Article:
Despite all the headway that science has made in understanding autism in recent years, knowing which children will one day develop autism is still almost impossible to predict. Children diagnosed with autism appear to behave normally until around two, and until then there is often no indication that anything is wrong.
But by scanning the brains of babies whose siblings have autism and then running the data from those scans through a machine learning algorithm, researchers say they may have come up with a method for accurately predicting which children will wind up diagnosed with autism at as young as six months.
For autism researchers, this feat has long been elusive. Diagnosing autism spectrum disorder before children develop symptoms could allow families to begin treatments like behavioural therapy earlier in hopes of making it more effective, as well as allowing researchers to test potential treatments, enabling them to more accurately judge whether these treatments actually work.
In a paper out Wednesday in Science Translational Medicine, researchers from the University of North Carolina at Chapel Hill and Washington University School of Medicine scanned the brains of 59 high-risk, six-month-old infants to examine how different regions of the brain connect and interact. At age two, after 11 of those infants had been diagnosed with autism, they scanned their brains again. After that, the researchers turned to artificial intelligence, using an algorithm that trained itself to identify patterns in brain connectivity that separated those six-month-olds who developed autism and those who did not. Using deep learning, they were then able to develop a model capable of predicting which six-month-olds would eventually develop autism.
Using this method, researchers were able to accurately predict nine of the 11 infants who would wind up with an autism diagnosis. And it did not incorrectly predict any of the children who were not autistic.
"Our treatments of autism today have a modest impact at best," said Joseph Piven, a psychiatrist at UNC Chapel Hill and author of the study, told Gizmodo. "People with autism continue to have challenges throughout their life. But there's general consensus in the field that diagnosing earlier means better results."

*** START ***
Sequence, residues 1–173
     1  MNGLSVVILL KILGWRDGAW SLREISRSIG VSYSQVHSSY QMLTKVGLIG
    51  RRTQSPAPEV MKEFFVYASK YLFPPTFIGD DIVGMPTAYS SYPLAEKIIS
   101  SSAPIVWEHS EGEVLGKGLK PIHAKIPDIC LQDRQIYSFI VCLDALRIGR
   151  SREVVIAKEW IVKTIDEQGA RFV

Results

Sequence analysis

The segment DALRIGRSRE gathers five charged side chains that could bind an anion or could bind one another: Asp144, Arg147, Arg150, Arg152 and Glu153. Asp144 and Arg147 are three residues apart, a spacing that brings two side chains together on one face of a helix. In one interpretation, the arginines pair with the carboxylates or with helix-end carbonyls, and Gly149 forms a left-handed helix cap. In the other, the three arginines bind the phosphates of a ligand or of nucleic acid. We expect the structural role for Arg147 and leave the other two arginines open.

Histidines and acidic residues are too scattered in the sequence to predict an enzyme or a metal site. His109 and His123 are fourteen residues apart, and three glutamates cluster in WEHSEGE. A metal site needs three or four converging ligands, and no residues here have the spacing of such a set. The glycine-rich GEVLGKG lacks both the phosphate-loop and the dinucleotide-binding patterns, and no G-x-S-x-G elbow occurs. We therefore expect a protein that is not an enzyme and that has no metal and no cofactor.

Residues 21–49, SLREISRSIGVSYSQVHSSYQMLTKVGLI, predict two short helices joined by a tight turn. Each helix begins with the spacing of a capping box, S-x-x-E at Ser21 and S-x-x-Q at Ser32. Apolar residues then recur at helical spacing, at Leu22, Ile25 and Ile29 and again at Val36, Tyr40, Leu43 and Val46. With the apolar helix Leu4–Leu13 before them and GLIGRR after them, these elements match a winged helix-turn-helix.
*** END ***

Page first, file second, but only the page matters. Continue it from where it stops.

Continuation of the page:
Estimates suggest that about one out of every 68 children in the US has autism. The Australian Bureau of Statistics found that around one in 150 Australians had autism in 2015. Still, there are no good biomarkers to predict who is most at risk for developing it. Some rare genetic mutations are linked to autism, but most cannot easily be linked to genetic risk factors. While some findings have indicated that brain-related changes occur in children with autism before any behavioural symptoms emerge, those changes have been difficult to identify.
The study was a follow-up to one published earlier this year that looked at whether brain growth could be a biomarker for autism, since children with autism tend to have larger brains than developmentally normal children. In that study, MRI scans revealed that the volume of the brains of infants with autism grew faster between 12 and 24 months. Based on those scans, an algorithm was able to detect which children between six and 12 months would develop autism about 80 per cent of the time, though it also identified a few false positives.
By looking instead at connectivity, the new study shows a method of prediction that's more accurate and identifies children at a younger age. In total, they found 974 functional connections that were associated with autism-related behaviours.
"It's a data driven approach," said Piven. "We didn't start with a particular hypothesis."
Piven said they hope to reproduce the study, as well as expand it to not just predict whether a child might wind up with autism, but how severe it will be and what sorts of behaviours they will exhibit. Autism is a spectrum disorder ranging from mild symptoms to ones that severely inhibit a person's life, so this would make the tool much more useful and potentially also make treatment more impactful.
The study is only an early indicator of a good predictive measure. It will have to be reproduced before it's ready for clinical use. And the test in its current form would unlikely be used in the general population, but rather as a measure to be taken after an infant has already been identified as high risk. One in five siblings of children with autism, for example, eventually develops autism. Developing other screening techniques for high-risk infants would make such a test more useful.
"I would look at this study as a proof of principle," he said. "Our intention is to provide early detection intervention just like we now do for Alzheimer's and Parkinson's."